Golden Gate Canyon State Park tree cutting and open house
by Patty Unruh
What do people look for in the ideal live Christmas tree?
To answer this important question, I joined a throng of Christmas-spirited folks who went tree cutting at Golden Gate Canyon State Park. This event was held Saturday, December 5, and again on Sunday the 6th. Families and friends gathered at the Visitor Center on Highway 46 to await the opening of the doors. The morning temperature was what the weather man likes to call “refreshing.” Groups clustered together for photos, smiling by clenching their chattering teeth.
“Say Christmas t-t-tree!”
The Visitor Center opened promptly at 9 a.m., and a good-sized crowd surged in out of the cold. The center was warm and cheery, with a huge lighted Christmas tree, a fire crackling in the fireplace, a friendly Santa Claus to pose with the kids, and the aroma of hot chocolate and cookies.
I found that this is a huge weekend for the park. Permit sales opened on November 9, and they sold out the same day. 350 permits were sold at $25 each, and park staff said they could have sold 1,000. Volunteers manned tables to hand out the permits that folks had pre-purchased, and other staff were busy handing out maps and answering questions. A total of 569 people visited the park on Saturday, and 547 on Sunday.
The annual Christmas tree cutting is a long-standing tradition of over ten years. (The only year it was not offered was 2013, which was the year severe flooding hit the area.) It’s so popular that 15 volunteers were needed to handle the process, and eight full-time staff from Golden Gate and other areas helped out.
The park collected 135 food items plus $28 for the Gilpin County Food Bank, according to Visitor Center supervisor Megan Barton.
Everyone was looking forward to the Great Tree Quest. I asked several of the folks what type of tree they were looking for and got several different answers. One wanted a fir, about six or seven feet tall. Another was looking for a “Charlie Brown” tree – the sparsely-needled kind that evokes sympathy. Four-year-old “Ella” confided, “I want the perfect tree.”
I only recognized a few Gilpin residents. Most of the folks came from metro area suburbs or Boulder. For that early in the morning, everyone was cheerful and talkative.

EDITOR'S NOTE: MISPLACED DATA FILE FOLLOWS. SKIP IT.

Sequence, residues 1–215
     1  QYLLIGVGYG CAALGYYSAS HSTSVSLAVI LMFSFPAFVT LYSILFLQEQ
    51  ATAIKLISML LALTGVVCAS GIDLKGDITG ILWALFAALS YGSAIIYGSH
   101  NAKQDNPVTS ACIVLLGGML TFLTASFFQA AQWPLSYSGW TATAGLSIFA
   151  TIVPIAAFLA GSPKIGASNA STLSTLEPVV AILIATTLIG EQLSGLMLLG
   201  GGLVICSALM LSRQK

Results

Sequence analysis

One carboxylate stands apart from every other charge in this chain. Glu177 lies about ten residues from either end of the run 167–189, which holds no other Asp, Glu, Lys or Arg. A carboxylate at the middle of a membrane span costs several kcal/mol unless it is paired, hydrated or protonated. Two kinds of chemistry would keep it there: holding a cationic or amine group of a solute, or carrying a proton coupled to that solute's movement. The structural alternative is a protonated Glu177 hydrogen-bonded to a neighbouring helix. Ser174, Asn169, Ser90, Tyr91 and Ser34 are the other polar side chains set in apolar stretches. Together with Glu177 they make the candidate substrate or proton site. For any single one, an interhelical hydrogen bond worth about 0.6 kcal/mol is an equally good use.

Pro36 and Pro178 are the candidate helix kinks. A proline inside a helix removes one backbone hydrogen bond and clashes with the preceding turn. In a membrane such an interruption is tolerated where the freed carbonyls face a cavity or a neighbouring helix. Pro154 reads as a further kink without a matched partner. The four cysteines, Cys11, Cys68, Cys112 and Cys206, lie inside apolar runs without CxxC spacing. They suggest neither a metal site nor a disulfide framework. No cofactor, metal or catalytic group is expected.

Barbara Kenshalo of Lakewood told me, “We do this every year. It’s our tradition.”
The Woods from Aurora were doing the tree-cutting gig for the first time. Their kids were keeping Santa pretty busy while the parents waited in line for their permit.
Everyone drove in a convoy down the park road, which was still somewhat snow-packed and icy from recent storms. Personnel at the Red Barn area were already gearing up for check-out, fixing cocoa and cider and building a bonfire.
The tree hunters zoomed off to the two cutting sites, Nott Creek and the Ranch Ponds. I elected to follow the Nott Creek group. We drove to a parking lot, where rangers had a checkpoint and gave directions to the cutting area. It was up a one-way four-wheel-drive trail, they cautioned. Not to worry. My Jeep Commander handled it like an old pro, as the trail was in decent shape and bore a striking resemblance to the road I live on.
The upper parking area was typical mountain style parking, which meant pulling off the trail onto a bumpy, grassy space between a couple of pines. Eager tree hunters clambered out of their vehicles and were met by windy gusts that hadn’t been at the Visitor Center. Nothing daunted, they gathered their accoutrements and headed off into the woods.
Keep in mind that there are several essential items to bring when you go tree cutting. Besides your pick-up or SUV, you need a hand saw, a toboggan to haul the tree to your car, a passel of kids, and a dog or two. Coat, boots, scarf, and gloves are necessary fashion items. For those who are not self-conscious, a Santa hat or perhaps some reindeer antlers complete the ensemble. (In case you’re wondering, I had on a plain white knitted cap.)
I hopped out of the Jeep to join the others. My keen reporter eyes observed a weathered sign, and I trudged over to it through the snow. It proclaimed, “Ponderosa pines along this trail are being thinned to develop a fuel break. We do this to slow the advance of a wildfire. The staff at Golden Gate Canyon State Park and Colorado State Forest Service began this thinning project in 1994. The trees that were cut are removed by allowing the public to gather them for firewood.” And also, happily, the public can cut their own for Christmas trees.
It wasn’t long and people began to return with their finds, all of them fresh, green, and beautiful. They were justly pleased with their firs and Charlie Browns, and yes, each one was perfect in its own way. The trees will lend a beauty and fragrance to each home in the weeks to come, as well as a special memory to enjoy through the years.